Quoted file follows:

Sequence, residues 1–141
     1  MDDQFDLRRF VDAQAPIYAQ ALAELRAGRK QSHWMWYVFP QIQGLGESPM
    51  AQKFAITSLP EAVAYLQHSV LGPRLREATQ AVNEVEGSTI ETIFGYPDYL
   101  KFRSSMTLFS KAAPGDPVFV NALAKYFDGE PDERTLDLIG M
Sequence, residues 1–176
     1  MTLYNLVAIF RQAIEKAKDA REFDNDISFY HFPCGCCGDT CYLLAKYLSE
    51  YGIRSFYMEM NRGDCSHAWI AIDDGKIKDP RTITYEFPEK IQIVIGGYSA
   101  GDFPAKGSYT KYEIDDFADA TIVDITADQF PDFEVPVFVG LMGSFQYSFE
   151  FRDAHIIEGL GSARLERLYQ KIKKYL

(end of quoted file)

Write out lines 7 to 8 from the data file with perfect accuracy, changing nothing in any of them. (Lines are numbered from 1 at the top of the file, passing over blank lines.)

    51  YGIRSFYMEM NRGDCSHAWI AIDDGKIKDP RTITYEFPEK IQIVIGGYSA
   101  GDFPAKGSYT KYEIDDFADA TIVDITADQF PDFEVPVFVG LMGSFQYSFE